With peace restored in the Western Balkans in the late 1990s, travellers flocked to the eastern Adriatic coast, largely unaware of the cultural and architectural gems of the inland regions. Completely different from the coast, both geologically and historically, continental Serbia and neighbouring Bosnia and Herzegovina are places of great cultural interest and stunning beauty. Thick primal forests climb spectacularly high and rugged mountains; mighty rivers cut through canyons and plains while rolling hills nurse vineyards, orchards and picturesque villages. Both the countries are known for their hospitality and open heartedness as well as their wonderful cuisine and wines; these gastronomic delights will feature prominently throughout the journey.
The fortunes of Serbia and Bosnia and Herzegovina highlight two millennia of cultural mixing and power struggles for dominance in the region. This is where north Europe meets the South, where Catholics and Orthodox Christians mingle, and where Christianity meets Islam. Theirs is a history of ebb and flow, drawing in the Byzantines, Franks, Ottomans, Russians and Habsburgs. Bosnians and Serbians are neighbouring ethnic groups with long histories and shared cultural ties, but they also have distinct cultural differences that reflect their unique historical experiences and influences. Understanding these countries, their warring, similarities and differences, requires both a bigger context and finer nuances – it is all about cultural tectonics where the plates of European civilisations have forever jostled. The journey is designed to explain these countries as unique parts of a bigger European puzzle.
The journey begins in Belgrade, capital of Serbia which is the heart and soul of the country. It is one of the oldest cities in Europe but rebuilt many times in its turbulent past. Situated on the confluence of two big rivers – ‘where the Sava and Danube kiss’ – it is a dynamic and fascinating city with rich museums, festive restaurants and incredible history.
Continue to east Serbia where Europe’s largest river gorge cuts through the Carpathians in Djerdap National Park. This has always been a fractious border region during the Roman, Byzantine and Ottoman periods where mighty fortresses were built such as the nine towered Golubac Fortress (on the front cover of this itinerary). Enjoy a boat journey along the Danube and then head south to the former Turkish stronghold town of Jagodina and visit the nearby spectacular monasteries of Ravanica and Manasija.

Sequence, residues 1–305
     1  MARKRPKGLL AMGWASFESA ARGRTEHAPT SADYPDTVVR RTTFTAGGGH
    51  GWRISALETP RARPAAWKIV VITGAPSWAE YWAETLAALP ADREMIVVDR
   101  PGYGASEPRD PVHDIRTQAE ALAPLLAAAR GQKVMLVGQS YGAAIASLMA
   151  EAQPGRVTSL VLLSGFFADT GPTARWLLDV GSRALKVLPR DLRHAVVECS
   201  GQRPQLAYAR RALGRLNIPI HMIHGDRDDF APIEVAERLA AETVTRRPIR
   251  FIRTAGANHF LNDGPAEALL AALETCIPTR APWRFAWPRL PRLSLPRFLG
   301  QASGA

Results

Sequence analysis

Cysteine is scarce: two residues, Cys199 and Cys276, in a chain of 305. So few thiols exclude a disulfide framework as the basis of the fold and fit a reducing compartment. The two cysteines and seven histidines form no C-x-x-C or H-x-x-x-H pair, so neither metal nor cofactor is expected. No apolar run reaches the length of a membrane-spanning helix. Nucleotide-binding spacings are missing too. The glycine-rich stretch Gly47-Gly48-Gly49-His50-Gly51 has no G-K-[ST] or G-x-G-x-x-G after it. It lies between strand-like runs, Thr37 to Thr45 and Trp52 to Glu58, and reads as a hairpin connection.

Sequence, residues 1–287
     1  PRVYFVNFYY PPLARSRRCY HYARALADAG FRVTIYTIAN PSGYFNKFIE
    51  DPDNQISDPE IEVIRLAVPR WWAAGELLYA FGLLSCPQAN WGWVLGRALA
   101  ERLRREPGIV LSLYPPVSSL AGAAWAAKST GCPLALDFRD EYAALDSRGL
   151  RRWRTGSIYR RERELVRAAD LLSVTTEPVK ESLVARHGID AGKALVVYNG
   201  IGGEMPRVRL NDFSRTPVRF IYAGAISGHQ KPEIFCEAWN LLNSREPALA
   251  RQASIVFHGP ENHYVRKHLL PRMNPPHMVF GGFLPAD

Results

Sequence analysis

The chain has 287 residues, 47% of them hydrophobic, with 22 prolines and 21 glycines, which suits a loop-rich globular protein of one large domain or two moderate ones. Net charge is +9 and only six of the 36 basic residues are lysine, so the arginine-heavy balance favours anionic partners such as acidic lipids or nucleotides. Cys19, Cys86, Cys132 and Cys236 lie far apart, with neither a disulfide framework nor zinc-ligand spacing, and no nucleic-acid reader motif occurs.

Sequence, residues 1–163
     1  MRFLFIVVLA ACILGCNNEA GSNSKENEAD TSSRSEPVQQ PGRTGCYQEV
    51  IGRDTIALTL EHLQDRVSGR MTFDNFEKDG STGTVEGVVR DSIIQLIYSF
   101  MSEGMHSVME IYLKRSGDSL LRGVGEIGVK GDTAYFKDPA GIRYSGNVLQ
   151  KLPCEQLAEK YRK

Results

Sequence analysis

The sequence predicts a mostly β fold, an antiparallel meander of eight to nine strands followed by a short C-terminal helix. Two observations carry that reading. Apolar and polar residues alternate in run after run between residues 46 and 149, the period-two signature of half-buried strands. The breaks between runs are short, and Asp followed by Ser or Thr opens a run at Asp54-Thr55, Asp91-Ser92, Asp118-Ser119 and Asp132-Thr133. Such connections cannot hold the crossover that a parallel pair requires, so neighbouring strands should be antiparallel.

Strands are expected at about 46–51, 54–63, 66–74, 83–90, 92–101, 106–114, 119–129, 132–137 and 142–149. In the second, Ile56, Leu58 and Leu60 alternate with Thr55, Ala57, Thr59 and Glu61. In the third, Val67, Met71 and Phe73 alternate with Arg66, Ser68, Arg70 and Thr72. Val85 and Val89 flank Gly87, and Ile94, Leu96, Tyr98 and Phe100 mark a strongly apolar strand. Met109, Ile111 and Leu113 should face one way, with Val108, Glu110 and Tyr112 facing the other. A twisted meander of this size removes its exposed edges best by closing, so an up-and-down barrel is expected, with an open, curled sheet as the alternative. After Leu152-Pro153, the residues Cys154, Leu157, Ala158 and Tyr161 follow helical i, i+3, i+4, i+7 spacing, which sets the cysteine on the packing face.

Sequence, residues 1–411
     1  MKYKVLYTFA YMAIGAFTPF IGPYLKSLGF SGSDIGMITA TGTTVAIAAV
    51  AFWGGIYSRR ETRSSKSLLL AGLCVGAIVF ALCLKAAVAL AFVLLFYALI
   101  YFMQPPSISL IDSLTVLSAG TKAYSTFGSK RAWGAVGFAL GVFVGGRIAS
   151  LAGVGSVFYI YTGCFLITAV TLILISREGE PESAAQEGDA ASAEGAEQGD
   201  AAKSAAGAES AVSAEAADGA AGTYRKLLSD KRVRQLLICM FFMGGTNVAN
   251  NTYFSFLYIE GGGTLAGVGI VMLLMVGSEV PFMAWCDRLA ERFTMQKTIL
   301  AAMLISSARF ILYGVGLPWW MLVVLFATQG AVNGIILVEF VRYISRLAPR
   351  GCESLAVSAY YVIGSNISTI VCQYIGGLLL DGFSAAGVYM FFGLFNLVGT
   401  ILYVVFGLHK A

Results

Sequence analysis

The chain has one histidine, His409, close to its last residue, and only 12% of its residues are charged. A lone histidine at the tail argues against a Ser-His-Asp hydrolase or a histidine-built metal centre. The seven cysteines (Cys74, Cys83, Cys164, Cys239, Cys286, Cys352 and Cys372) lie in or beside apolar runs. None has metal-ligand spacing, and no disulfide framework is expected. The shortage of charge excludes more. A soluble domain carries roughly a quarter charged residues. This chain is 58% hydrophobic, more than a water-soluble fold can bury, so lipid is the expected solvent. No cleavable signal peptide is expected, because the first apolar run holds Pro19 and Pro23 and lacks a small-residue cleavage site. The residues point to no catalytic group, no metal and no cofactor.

Crossing into Bosnia and Herzegovina, Sarajevo beckons with its captivating blend of Eastern and Western influences. The city’s Ottoman-era architecture stands alongside Austro-Hungarian facades, a testament to its rich past. Visit the historic Baščaršija bazaar, savouring traditional Bosnian coffee and local delicacies while hearing the echoes of centuries-old stories.
Next, journey to Mostar, where the iconic Stari Most (Old Bridge) connects the eastern and western banks of the Neretva River. This masterpiece of Ottoman architecture is a symbol of unity and resilience, having been rebuilt after its destruction during the Bosnian War.
Through Nirvana Romell’s expert talks and guidance, learn more of the region’s history and its plans for the future as well as its wonderful artistic, cultural and architectural gems. And as a born and bred Balkan, there is no one better to explain (and choose!) the region’s best foods and wine for the party.
Trip Leader: Mrs Nirvana Romell
Nirvana Romell is an International lecturer in West European Art and Culture, she is a born and bred Dalmatian, coming from Dalmatia- the central coastal province of Croatia.With postgraduate degrees from the University of Zagreb (English Language and Literature / History of Art -Western Europe and the western Balkans). Her main areas of interest are the history of Western art, including Balkan art and culture. She also regularly researches, arranges and accompanies journeys to the western Balkans and related countries and she has just accompanied a very successful journey to Kosovo, Montenegro and Albania for the Alumni of Oxford and Cambridge Universities.